Nutrition: Speaking of the general when this thread is about a specific product isn't necessarily that useful. The Impossible Burger is specifically designed to be similar to beef nutritionally. For this specific product, is there a nutritional concern compared to a ground beef patty?

    Keep in mind that the person choosing a Whopper made from an Impossible Burger is likely eating it instead of an equivalent fast food meal made with meat, so the nutritional differences should be considered in that context instead of compared to completely different meals.

    Environmental: The typical fast food burger is made from cows being fed soy and corn. If monocrops are a concern, then eliminating beef makes more sense as it takes many pounds of feed to produce just a pound of beef. Eating the soy ourselves is the more rational choice for those with this environmental concern, as it reduces the overall demand. Comparing the environmental impact to a pastured animal makes sense only if the majority of fast food burgers are coming from pastured animals. Are they?

    Nutritionally, if someone is eating fast food once in a while, it probably makes little to no difference what burger they chose because other foods will fill in for deficiencies. My point was just that they are probably not equal, and that meat us probably more complete. Not a big deal unless it is an everyday thing.

    Most beef only spend a very short time on feedlots. The vast majority of their time is on a pasture, so no, they are not mono cropped. At least not in my country. And when they do go to a feedlot, they tend to get the waste crops that we cant or dont eat as well.

    While it’s true that they spend the majority of their lives literally on pasture, most beef cattle are not eating grass for the majority of their lives. They’re weaned at around 8 months, sold to the feed lot around 12 months, and slaughtered at 15 to 18 months. Source: The US Beef Board, a pro-beef marketing association. https://www.beefboard.org/pocket-guide/beef-lifecycle.html

    And according to the Iowa Corn Board, 99% of the corn grown in the US is field corn. Per the Iowa Corn Board, “While a small portion of “Field Corn” is processed for use as corn cereal, corn starch, corn oil and corn syrup for human consumption, it is primarily used for livestock feed, ethanol production and manufactured goods. It’s considered a grain.” https://www.iowacorn.org/media-page/corn-facts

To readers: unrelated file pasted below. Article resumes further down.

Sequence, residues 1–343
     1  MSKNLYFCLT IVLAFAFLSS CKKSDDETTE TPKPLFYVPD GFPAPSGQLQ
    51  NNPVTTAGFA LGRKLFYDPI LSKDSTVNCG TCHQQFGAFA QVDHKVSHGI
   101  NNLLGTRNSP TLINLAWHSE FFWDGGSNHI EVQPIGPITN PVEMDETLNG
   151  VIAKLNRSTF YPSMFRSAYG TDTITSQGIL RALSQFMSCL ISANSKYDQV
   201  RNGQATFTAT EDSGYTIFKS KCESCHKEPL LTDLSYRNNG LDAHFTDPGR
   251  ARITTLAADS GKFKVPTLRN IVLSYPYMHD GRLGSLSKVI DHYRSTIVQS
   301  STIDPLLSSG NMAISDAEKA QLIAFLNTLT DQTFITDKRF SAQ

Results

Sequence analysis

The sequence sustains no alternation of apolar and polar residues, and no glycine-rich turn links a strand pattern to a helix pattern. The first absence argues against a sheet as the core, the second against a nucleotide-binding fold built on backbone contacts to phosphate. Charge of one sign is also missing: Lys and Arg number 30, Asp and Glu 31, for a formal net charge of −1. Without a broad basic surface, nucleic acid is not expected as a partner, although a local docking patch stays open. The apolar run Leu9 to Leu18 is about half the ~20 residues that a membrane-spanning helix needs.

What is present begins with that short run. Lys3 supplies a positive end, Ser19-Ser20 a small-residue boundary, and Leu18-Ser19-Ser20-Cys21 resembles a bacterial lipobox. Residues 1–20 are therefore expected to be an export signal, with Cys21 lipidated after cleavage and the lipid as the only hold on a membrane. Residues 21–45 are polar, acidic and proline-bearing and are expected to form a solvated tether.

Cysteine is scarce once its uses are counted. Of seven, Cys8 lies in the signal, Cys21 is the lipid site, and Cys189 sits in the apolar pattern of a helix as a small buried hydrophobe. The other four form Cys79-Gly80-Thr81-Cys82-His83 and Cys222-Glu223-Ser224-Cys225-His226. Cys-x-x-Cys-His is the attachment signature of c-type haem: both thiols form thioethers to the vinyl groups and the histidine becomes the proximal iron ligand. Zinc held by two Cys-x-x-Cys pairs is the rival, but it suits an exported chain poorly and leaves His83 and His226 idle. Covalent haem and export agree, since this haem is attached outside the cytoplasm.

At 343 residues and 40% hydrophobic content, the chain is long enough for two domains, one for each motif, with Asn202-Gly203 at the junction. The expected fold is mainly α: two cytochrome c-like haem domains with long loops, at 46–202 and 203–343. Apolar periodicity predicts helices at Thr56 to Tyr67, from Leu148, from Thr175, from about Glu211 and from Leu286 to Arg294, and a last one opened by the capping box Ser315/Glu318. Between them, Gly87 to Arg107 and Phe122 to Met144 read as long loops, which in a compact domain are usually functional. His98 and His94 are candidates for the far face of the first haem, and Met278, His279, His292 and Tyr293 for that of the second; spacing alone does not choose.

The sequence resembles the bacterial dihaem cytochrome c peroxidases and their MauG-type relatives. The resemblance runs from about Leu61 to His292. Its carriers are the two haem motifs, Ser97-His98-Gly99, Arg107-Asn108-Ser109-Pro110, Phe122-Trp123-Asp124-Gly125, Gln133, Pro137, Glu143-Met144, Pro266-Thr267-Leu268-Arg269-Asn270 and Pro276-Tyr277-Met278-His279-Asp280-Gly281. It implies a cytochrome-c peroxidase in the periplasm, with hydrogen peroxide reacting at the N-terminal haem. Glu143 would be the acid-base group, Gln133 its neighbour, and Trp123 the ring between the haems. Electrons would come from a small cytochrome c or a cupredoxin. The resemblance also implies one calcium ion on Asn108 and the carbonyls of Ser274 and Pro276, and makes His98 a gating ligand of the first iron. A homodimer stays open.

I’m not claiming that 99% of corn grown in the US is for feeding cows. Clearly it’s significantly less than that given that so much Field corn is used to make ethanol. However, it’s completely misleading to say that feedlot cattle are fed “waste” crops, when the corn is specifically grown to feed them.

    Full disclaimer-I eat beef. I’m phasing out beef at home and am actively trying ground beef replacements for recipes. I do eat beef at restaurants and other people’s houses and don’t ask whether their beef is ethically sourced.

    As I said, not in my country. ;)

    Doh! My apologies for being the boorish American.

    The best numbers I've found for Canada and corn so far are for Ontario specifically, 2006-07:

    38% for both industrial (including ethanol) and human use combined. 62% for animal feed. The total amount of corn used includes over 13% imported. Way less grown than in the US, of course.

    Here's something on the Canadian beef industry: http://www.omafra.gov.on.ca/english/livestock/beef/news/vbn0804a3.htm

    I haven't found any indication that Canadian cattle are less likely to be grain-fed as a percentage of their overall diet than US cattle.